But as for me, afflicted and in pain—
    may your salvation, God, protect me.
I will praise God’s name in song
    and glorify him with thanksgiving.
This will please the Lord more than an ox,
    more than a bull with its horns and hooves.
Psalm 69:29–31 

Rabbi Abraham Joshua Heschel, a renowned Jewish theologian, once said, “It is gratefulness which makes the soul great.” This is one of 12 devotions focused on gratitude during this season when families gather to give thanks. For more on praising God for our many blessings, download our complimentary study on the Psalms.

In all my years of being a rabbi, I have never heard the following: “Why me? Why does everything happen to me? Why am I happy, healthy, and wealthy? Couldn’t God have picked someone else?” What I have heard plenty of is the other “why me” — “Why am I the one with (fill in the blank) — illness, money problems, loneliness, etc? Why is it happening to me?”

In Psalm 69 King David reminds us that both of these situations – good times and tough times -- are opportunities to connect with God. In fact, the latter circumstance is actually a greater opportunity than the first.

When things are going well, we are challenged to take notice and turn to God in appreciation. These good times are expressed by the psalmist as “a bull with its horns and hooves.” Horns are a bull’s means of protecting itself or attacking another animal. They represent power. Hooves allow the bull to stand strong on firm footing. They represent independence.

Together, a bull with horns and hooves symbolizes a person experiencing extremely blessed times when everything seems secure and wonderful. And yet those who have a relationship with God will remember that it is only through His grace that their lives are so blessed. Submitting to God and acknowledging His dominance over the world is expressed as offering a “bull with its horns and hooves” to God as a sacrifice. This pleases God.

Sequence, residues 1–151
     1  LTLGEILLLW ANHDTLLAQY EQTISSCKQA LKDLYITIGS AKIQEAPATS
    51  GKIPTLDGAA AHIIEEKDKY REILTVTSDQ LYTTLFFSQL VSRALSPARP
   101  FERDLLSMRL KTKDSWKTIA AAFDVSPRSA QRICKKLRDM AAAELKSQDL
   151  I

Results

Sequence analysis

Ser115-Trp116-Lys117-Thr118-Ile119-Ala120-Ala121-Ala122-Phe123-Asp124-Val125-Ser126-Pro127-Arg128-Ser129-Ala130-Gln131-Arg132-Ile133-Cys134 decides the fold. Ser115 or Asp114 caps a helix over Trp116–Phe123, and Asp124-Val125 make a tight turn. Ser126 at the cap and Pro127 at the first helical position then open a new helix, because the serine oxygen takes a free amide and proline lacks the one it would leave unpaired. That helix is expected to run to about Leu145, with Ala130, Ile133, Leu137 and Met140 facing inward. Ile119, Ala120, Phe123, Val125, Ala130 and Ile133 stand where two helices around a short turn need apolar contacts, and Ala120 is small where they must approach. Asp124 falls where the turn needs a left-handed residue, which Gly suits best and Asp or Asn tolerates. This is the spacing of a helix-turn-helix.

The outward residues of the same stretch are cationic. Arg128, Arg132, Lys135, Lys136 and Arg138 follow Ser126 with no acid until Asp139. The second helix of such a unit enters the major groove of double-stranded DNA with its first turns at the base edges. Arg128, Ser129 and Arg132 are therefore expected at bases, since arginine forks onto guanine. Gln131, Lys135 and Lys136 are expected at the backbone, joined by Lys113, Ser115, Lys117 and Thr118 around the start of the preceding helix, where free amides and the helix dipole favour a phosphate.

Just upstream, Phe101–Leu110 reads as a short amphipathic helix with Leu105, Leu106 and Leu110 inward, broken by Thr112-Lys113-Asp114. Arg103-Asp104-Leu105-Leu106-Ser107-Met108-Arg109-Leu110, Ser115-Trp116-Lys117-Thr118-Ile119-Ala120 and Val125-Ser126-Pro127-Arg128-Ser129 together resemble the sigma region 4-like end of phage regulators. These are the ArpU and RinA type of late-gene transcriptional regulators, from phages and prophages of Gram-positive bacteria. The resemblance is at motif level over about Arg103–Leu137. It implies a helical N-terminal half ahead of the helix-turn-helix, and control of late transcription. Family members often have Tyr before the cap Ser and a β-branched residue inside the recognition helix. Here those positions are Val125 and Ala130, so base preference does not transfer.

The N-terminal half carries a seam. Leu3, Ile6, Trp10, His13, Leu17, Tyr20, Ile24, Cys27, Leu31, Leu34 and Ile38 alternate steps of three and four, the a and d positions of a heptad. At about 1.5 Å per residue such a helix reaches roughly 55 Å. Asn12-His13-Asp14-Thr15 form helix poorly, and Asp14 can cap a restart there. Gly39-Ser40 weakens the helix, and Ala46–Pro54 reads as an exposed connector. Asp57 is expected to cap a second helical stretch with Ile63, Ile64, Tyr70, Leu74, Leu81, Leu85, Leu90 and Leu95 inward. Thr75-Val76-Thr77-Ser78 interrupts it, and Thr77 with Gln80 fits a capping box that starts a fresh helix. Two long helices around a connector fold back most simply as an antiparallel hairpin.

But there is something even greater.

Have you ever seen the stars out in the daytime? The answer is no. When the sun is shining brightly, we cannot appreciate the light of other stars. It is only in times of darkness that we can appreciate their splendor. In the same way, while it is certainly appropriate to sing God’s praises when everything in our lives is bright and sunny, it’s in the darkness of our lives that we can truly shine. 

In Psalm 69, King David was “afflicted and in pain” (v. 29). Yet David proclaimed, “I will praise God’s name in song and glorify him with thanksgiving.” It’s one thing to praise God when everything is going right. It’s another thing to be grateful when things seem so wrong. It’s more difficult, but always possible. For every one thing that goes wrong, there are ten other things that are going right. As King David affirmed in this psalm, thanking God during difficult times will please the Lord far more than when things are going well. It is in those times that we can shine.

Take a moment to reflect on your life. No matter how many challenges you might be facing, ask yourself, “What about my life is great?” Thank God for what you do have. Your gratitude will light up your life.

Download our complimentary study on The Psalms of David for how Israel’s greatest king expressed his deepest emotions to God through his words of thanksgiving, confession, petition, and praise.

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